Newly-released figures have revealed the areas of the UK which are suffering from the highest coronavirus death rates.
The latest data compiled by the Office for National Statistics (ONS) shows that the north-west of England had the highest death toll – with 568 deaths involving COVID registered in the week ending 6 November.
That figure is the highest number for the region since the week ending 15 May, in the middle of the pandemic’s first wave.
Yorkshire and the Humber was second with 329 COVID-19 deaths, which was also the region’s highest level since 15 May.
The north-east of England was third on the list, with 152 COVID-19 deaths registered up to 6 November.
The latest ONS data shows that registered deaths involving COVID-19 increased week-on-week in every region of England in the week to November 6.
There have now been more than 68,000 COVID-related deaths across the UK since the start of the pandemic, the ONS added.
ONS figures show there have been a total of 65,546 deaths have so far been registered in the UK where COVID-19 was mentioned on the death certificate.
Since the figures only cover the period up to 6 November, a further 2,228 deaths are known to have occurred in England, plus 106 in Scotland, 143 in Wales and 90 in Northern Ireland.
Together, these totals mean that so far 68,113 deaths involving COVID-19 have taken place in the UK.
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It comes after Dr Susan Hopkins, medical director of Public Health England and chief medical adviser to NHS Test and Trace, said ministers would have to look at "strengthening" the tier system.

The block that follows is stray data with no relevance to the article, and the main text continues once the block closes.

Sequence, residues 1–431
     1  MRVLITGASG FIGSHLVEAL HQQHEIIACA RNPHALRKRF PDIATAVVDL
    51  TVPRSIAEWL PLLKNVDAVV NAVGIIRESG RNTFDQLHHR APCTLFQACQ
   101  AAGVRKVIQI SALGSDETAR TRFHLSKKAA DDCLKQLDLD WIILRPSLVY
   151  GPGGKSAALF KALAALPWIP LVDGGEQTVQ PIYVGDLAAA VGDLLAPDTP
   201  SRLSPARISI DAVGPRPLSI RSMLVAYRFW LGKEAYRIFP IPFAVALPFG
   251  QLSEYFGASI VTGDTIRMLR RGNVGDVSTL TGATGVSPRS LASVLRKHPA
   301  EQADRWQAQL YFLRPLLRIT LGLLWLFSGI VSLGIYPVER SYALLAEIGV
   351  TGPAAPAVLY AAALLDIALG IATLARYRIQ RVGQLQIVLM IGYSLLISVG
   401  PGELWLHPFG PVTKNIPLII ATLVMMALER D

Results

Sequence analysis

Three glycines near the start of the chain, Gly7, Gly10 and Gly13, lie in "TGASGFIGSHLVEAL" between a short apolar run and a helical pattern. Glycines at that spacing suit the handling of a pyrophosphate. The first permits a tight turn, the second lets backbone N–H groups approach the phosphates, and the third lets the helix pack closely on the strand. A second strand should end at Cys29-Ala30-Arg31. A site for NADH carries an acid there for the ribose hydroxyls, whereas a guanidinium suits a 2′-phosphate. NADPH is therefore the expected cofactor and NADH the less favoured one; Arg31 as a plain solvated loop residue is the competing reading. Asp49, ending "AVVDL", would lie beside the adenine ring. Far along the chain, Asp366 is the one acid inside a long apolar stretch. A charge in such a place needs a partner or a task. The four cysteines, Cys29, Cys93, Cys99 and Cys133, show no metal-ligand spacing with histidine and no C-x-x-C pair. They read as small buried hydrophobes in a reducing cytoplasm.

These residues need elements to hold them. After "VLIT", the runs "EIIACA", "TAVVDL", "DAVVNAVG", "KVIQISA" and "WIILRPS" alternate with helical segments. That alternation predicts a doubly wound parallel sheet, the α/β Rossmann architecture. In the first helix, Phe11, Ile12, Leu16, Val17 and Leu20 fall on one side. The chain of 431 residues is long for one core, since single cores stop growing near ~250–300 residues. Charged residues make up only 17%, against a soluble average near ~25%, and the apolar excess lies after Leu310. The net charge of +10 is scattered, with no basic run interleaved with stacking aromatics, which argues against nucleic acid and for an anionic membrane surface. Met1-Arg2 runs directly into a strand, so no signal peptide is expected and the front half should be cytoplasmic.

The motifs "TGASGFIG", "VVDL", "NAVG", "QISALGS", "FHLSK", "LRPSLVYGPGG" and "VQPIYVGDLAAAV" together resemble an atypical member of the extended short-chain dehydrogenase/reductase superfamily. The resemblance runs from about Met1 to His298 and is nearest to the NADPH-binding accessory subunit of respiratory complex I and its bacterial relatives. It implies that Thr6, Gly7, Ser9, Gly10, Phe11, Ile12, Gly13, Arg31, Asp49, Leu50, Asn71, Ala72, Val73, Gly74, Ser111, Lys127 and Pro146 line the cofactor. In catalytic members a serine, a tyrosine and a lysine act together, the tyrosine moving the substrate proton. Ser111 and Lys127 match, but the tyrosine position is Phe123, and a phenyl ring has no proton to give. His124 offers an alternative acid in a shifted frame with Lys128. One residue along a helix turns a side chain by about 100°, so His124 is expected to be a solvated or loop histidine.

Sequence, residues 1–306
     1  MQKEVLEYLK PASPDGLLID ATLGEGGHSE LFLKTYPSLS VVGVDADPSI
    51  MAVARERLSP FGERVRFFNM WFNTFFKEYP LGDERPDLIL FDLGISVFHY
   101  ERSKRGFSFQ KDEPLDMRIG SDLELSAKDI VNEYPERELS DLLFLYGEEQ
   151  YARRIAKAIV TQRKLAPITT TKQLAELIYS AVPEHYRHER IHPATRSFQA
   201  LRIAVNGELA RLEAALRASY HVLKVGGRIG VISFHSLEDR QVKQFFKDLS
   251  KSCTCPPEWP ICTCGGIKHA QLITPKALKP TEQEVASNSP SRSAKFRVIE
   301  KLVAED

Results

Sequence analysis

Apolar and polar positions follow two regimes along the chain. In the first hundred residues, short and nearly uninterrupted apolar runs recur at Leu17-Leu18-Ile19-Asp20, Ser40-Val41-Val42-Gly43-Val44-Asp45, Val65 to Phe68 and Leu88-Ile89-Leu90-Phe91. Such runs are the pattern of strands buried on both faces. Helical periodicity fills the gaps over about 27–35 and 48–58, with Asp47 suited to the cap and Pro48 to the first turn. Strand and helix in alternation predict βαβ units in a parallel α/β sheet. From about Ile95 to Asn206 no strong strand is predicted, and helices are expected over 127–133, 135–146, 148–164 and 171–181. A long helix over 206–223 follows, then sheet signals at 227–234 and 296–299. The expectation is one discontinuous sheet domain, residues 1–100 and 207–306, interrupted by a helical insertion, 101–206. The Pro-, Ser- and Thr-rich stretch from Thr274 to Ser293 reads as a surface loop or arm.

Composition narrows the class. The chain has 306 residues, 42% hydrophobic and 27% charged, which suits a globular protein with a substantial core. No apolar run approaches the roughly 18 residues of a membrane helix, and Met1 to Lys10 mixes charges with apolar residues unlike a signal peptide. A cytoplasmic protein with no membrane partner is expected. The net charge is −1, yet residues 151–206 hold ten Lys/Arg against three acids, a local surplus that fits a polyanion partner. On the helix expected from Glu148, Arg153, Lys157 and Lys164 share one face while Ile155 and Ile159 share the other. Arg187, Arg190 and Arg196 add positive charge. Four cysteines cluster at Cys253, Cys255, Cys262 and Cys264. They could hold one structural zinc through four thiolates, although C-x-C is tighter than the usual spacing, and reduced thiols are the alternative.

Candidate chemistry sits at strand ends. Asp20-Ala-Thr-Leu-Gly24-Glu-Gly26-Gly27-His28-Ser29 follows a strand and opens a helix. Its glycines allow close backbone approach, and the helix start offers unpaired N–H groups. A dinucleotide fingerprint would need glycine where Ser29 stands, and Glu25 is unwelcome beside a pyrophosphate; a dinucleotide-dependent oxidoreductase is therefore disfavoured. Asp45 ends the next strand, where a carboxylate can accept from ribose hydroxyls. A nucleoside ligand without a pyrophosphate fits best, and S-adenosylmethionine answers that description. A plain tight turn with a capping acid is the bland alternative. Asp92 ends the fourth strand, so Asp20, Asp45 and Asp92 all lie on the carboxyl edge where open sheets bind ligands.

Tier 1 restrictions that covered huge parts of England had "very little effect", she said, adding that even Tier 2 only worked in some areas.
In a round of broadcast interviews on Tuesday, housing secretary Robert Jenrick said any extension of the current lockdown would require a vote of Parliament.
"It is our hope and expectation that that won't be the case and that people in England will be able to move back into the tiered system," he told Sky News.
"There will be a review. That work is undergoing on what those tiers look like and how local areas go back in but that will very much depend on the data.
"We will have to make decisions nearer the end of the month once we have got the most up-to-date information possible.
"But we all want to see a significant easing of the measures in all parts of England at the beginning of next month."
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